Did you see that guy?

That is the toughest man I've ever seen in my life.

Did you see how leathery he was?

He was like a saddlebag with eyes.

Listen, it took a lot of courage to do what you did.

Thank you.

I'm married.

(PLAYING COUNTRY MUSIC)

IRA: Barry, over here, Barry.

Barry, look here.

You're wrong, Ed. I'm telling you.

It was not a stupid thing to say.

It was. She says, "Thanks" and you say, "I'm married"?

Yeah.

I don't want any false flirtings.

False flirtings? But what if you're like me?

What if you don't encourage them

and they still come after you?

It doesn't happen.

See, women need a reason to have sex. Men just need a place.

Good night. I'm going to bed.

Good night. Sleep tight.

That was flirting.

No. That was politeness.

That was, "Have a pleasant and restful evening."

No. That was, "I like your ass. Could I wear it as a hat?"

Say, Phil was telling us you had a little trouble with Jeff and T.R.?

Yeah, they were giving Bonnie a hard time.

Yeah, but he took care of it.

But what made it worse was the trail boss comes over.

Curly?

His name is Curly? Perfect.

You know what the cook said about him?

He said he killed a man in a knife fight.

He said he slit him from neck to nuts.

I'm not happy about this.

This guy's a cowboy. One of the last real men.

He's untamed. A mustang.

We're trained ponies. It'll do us good to be in his world for a while.

Do us good? He was hanging the help!

ED: He was helping us.

This guy is not normal, I'm telling you.

Did you see his eyes? He's got crazy eyes.

He's a lunatic, I'm telling you.

We're going into the wilderness being led by a lunatic.

He's behind me, isn't he?

Time to turn in.

Good night.

Good night.

I'm sorry. I didn't mean anything by that.

I crap bigger than you.

He's gonna kill me.

Watch it! Excuse me!

Great! You are riding so much better.

Thanks. Hey, I just talked to Nancy.

Who's Nancy?

She's the... The girl.

Oh! The... The girl.

She's not pregnant.

Really?

Well, that's good, isn't it?

For her.

So what does it mean?

You know what I think?

Out there are all the answers.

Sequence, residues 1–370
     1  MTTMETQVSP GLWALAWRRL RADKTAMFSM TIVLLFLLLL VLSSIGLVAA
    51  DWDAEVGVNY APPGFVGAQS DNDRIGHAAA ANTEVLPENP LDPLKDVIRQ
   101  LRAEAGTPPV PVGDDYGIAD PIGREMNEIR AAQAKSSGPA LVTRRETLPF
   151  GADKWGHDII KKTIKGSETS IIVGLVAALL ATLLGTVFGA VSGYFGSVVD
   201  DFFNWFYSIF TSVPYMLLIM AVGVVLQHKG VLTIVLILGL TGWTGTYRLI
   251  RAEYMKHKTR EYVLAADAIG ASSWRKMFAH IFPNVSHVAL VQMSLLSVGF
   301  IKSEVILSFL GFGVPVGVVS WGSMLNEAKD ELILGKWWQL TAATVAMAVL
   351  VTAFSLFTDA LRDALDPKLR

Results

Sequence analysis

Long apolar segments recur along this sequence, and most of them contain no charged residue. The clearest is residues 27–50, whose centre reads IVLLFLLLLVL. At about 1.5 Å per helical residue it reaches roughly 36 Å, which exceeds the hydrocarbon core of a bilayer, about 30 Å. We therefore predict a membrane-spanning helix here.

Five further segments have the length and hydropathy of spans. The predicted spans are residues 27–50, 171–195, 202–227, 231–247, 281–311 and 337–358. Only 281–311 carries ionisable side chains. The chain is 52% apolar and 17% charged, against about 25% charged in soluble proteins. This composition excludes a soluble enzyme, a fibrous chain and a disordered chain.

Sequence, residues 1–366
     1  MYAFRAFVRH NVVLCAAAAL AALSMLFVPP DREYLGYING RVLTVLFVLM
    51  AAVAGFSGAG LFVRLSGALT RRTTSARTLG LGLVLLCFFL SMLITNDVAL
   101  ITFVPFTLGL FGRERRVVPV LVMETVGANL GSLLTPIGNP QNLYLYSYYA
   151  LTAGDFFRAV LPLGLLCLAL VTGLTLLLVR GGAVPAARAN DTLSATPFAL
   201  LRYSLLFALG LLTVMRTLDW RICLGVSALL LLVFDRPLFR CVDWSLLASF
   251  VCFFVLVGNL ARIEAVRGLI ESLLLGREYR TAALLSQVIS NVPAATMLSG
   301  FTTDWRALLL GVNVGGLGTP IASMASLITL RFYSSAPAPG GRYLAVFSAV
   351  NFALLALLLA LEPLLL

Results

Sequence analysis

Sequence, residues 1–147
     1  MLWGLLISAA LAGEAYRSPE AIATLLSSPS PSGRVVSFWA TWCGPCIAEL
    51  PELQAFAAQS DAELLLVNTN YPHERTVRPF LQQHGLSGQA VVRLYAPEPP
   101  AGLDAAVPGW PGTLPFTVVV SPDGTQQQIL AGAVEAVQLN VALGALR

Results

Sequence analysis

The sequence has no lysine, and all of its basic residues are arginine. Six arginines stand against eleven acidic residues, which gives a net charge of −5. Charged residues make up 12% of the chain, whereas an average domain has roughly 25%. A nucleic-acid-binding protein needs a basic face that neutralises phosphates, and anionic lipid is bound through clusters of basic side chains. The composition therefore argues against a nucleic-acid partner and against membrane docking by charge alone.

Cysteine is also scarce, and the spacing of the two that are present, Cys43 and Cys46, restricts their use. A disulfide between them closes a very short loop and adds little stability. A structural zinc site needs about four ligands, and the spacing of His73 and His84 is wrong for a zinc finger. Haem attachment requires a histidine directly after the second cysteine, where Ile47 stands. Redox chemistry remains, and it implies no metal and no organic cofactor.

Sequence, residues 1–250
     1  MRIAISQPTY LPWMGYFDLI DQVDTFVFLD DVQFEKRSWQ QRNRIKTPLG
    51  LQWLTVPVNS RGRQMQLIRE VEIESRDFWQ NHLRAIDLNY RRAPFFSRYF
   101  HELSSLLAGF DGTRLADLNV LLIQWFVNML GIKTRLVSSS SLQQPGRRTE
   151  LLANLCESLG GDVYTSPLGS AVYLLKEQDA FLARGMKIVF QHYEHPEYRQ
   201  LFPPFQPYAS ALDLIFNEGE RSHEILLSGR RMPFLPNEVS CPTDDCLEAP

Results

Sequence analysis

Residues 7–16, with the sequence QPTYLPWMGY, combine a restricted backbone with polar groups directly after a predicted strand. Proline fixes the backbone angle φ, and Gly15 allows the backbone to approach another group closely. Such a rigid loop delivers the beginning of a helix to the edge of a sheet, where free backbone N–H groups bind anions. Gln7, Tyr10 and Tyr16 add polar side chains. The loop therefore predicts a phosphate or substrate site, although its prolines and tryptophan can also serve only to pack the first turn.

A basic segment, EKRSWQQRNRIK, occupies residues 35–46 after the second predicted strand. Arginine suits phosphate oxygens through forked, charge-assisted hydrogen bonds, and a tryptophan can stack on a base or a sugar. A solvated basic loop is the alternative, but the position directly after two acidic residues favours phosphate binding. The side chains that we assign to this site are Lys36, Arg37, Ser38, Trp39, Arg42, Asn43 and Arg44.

No, Ed. Out there

are cows, and plenty of them.

We're gonna go 200 miles with a big, moving stink.

Okay. Come on.

You guys are probably too young to remember this,

but when I was a kid,

I remember seeing a movie called Red River.

Oh, I've seen it on TV.

Yeah?

But not in the movie theater.

The big screen, with John Wayne and Montgomery Clift.

You remember the scene? It was the start of the cattle drive.

Dad...

No, no, son. That's why we're here.

The "yee-haw" scene?

The "yee-haw" scene.

Before they took the cattle out,

those cowboys waved their hats in the air and yelled, "Yee-haw!"

What do you say to that?

All right! Move them out!

Yee-haw!

Yee-haw!

Yahoo!

Yahoo!

Yahoo!

Yee-haw.

Yee-haw!

Yee-haw!

Yee-haw!

Yee-haw!

Yee-haw!

Feel like a schmuck?

Oh, yeah. A big schmuck. Yeah.

BOTH: Yee-haw!

We'll see you in Colorado!

(ALL WHOOPING)

Fairy tales can come true

It can happen to you

If you're young at heart

For it's hard, you will find, to be narrow of mind

If you're young at heart

And if you should survive to 105

Look at all you'll derive just by being alive

Now here is the best part

You have a head start

If you are amongst the very young

At heart

Look, a stray. You take him, Mitch.

No, it's the first one. You get him, Ed.

No, no, it's the first one. Let Phil have him.

No, no, I'll get the next one.

Look, you get this one, I'll get the next one.

You sure? I mean, there's gonna be plenty.

No, yeah, you get this one. I'll get the next one.

Then Ed, then you, we'll go...

Like a round-robin kind of thing.

That's good, yeah.

All right, so who gets this one?

You!

All right, good.

Come on. Go!

Out of chute number nine!

Hey, go Mitchy!

ED: Go, Mitchy!

MITCH: Come on, now.

No, no. No, no. Don't go back there. No!

Think I can't see you behind there?

Hello.

Come on, now. Move it. Here we go.

Come on now. Here we go. Come on.

It's like chasing a mime.

Yee-haw, cowboy!

All right!

All right, Mitchy!

I did it! All right!

Uh-oh.

Hey! Moonwalk!

(BOTH LAUGHING)

(IMITATING MICHAEL JACKSON) I'd like to thank everybody and God

for helping me get my stray in.

Let's go, boy.

All right, all right. Come on back!

Come on back! Come on back!

All right, now, easy on the clutch.